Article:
Withholding the impulse to giggle at the unexpected chivalry, ever mindful, she glanced at the red numbers on the clock.

“Mister,” she politely interrupted. “We only have a few more minutes. Is there something else you’d like to do?”

He had, after all, paid for more than a blowjob.

Eyelids fluttering open, his gaze sharpened on her upturned face.


Disoriented, the rheumy eyes flit across the room, so lost he was in another time, another place.

Sounding afraid, he asked, “Where is my Song?”

“I’m sorry,” she started. “I’m not . . . Song. Don’t you remember? I’m a—“

She stopped, seeing tears begin to well in his eyes.

Sinking slowly, he sat on the bed, put his head in his hands, and began to weep.

Not knowing what to do, she placed a hand gently on his shoulder. “Are you OK, Mister? Is there someone I can call for you?”

The No was so faint and muffled, she almost didn’t hear it.

Hesitantly, she got dressed. Still uncertain whether to stay or go, she reached for her bag and walked to the door. When she opened it, streams of sunlight illuminated the dank, dark motel room.

Though she was about to leave, something made her stop and turn.


When he looked up, the sun caught his eyes, turning them a clear, brilliant blue. And the only person she could see sitting on the bed was a handsome young man in a crisp white sailor’s uniform.

Though she blinked, he was still there.

“I . . . I’m sorry you lost your Song.”

Straightening, the young man flashed a sad smile and gave her a curt salute.

Shaking her head, she shut the door behind. With the LA sun—blinding and hot—on her face, she popped a stale breath mint into her mouth and went back to work.

She’d return in two hours though, unable to shake thoughts of the old man.

Blue lights flashed.

“I didn’t know he was that sick,” she cried to the paramedic lifting the gurney. “I swear if I had known, I would have called 911 this afternoon.”

The paramedic lifted an eyebrow, fixing her with an odd stare.

“Wouldn’t have helped much, Ma’am.” He wrinkled his nose. “Old dude’s been dead for at least a week.”


The bell on the door tinkles and is quickly followed by the familiar taptap of expensive high heels.

Not lifting my eyes from the piping bag, I greet her with nonchalance. “Morning, Mrs Roseberg.”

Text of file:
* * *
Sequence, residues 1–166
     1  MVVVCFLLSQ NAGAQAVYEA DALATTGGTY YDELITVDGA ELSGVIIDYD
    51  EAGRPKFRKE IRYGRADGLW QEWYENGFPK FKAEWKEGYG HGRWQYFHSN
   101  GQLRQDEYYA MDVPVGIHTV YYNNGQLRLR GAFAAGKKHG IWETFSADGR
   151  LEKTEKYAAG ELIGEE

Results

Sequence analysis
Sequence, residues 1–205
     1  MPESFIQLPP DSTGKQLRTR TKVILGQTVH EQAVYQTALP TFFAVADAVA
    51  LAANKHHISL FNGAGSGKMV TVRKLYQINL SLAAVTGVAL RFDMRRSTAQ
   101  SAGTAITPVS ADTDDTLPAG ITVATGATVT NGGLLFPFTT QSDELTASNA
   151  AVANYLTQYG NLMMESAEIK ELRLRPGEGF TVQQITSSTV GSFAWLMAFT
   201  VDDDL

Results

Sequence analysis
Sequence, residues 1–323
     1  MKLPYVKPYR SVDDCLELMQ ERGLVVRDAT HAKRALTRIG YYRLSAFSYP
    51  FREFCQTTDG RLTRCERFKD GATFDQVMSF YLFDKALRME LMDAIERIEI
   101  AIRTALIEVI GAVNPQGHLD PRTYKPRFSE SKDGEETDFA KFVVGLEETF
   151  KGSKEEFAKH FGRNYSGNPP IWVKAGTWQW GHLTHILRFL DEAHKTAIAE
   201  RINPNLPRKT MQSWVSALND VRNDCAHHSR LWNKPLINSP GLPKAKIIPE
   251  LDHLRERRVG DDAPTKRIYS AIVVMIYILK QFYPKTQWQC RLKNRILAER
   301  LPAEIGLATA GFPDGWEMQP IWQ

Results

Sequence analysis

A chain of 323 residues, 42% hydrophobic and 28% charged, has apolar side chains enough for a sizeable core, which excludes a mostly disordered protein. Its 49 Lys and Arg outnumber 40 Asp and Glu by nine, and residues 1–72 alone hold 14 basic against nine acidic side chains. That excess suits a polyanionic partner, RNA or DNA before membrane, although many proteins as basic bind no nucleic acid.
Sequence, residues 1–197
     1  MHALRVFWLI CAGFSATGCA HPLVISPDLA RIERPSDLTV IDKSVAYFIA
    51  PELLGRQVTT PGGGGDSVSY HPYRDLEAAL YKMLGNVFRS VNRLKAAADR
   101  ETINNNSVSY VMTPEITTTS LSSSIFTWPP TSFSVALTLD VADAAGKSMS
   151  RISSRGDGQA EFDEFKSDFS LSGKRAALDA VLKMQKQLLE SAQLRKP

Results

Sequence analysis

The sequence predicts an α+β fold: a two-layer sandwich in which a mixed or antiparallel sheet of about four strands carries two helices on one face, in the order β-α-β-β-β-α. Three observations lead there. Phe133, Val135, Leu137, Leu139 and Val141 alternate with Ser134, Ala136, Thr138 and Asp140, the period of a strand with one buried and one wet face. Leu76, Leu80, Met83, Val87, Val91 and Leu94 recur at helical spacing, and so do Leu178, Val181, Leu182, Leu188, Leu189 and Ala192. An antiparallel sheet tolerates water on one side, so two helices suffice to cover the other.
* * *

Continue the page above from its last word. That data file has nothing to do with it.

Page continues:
“Hello, Emily.”

The tone, as sharp as the diamonds that pierce her lobes, makes me stiffen despite being used to it.

Craning her long neck over the display case, she asks, “What’s that you’re working on? Is that buttercream?”

Mousseline buttercream,” I correct. “It’s for the Davis’s 50th anniversary.”

“What’s the difference?” she asks with an interest her surgically enhanced features can’t mimic.

“It has a richer, more luxurious texture.”

When the pink of her tongue meets the expertly drawn-on lips, the core of me involuntarily clenches.

The first time we met, she came to the shop to order a cake for her daughter, Mitzi’s, Sweet 16. Two weeks later, she was back for a baby shower. After that, it was under the guise of a bat mitzvah that she pushed me into the back cooler and mashed her tits against mine. The aggressiveness would have been offensive if I hadn’t experienced such a visceral reaction to the lost animal look in her eyes.

Haughtily, she clicks her tongue. “I don’t have all day, Emily. I have important things to do.” Though there’s an underlying hint of desperation.

With a nod, I lay the piping bag on my work table and walk to the back cooler. Behind me, the tap of her heels follows and stops when the cooler door closes behind.

“Oh, Emily.” Her eyes widen and glaze. The mask falls. “You’ve outdone yourself this time.”

I know. The patterns are intricate. The peaks crisp and high. Inside, the cake is delicate and spongy with layers of oozing apricot and fig.

It’s three feet high. Because size does matter to Mrs Roseberg.

Wasting no time, she unzips the back of the black pencil skirt and shimmies it down her narrow hips. Beneath her sex is smooth and slightly red, telling me she waxed for the occasion. Hurriedly, she unbuttons the white silk top and removes the lace camisole beneath. Her breasts are tiny and pert. Her body is toned, courtesy, I’m sure, of a personal trainer.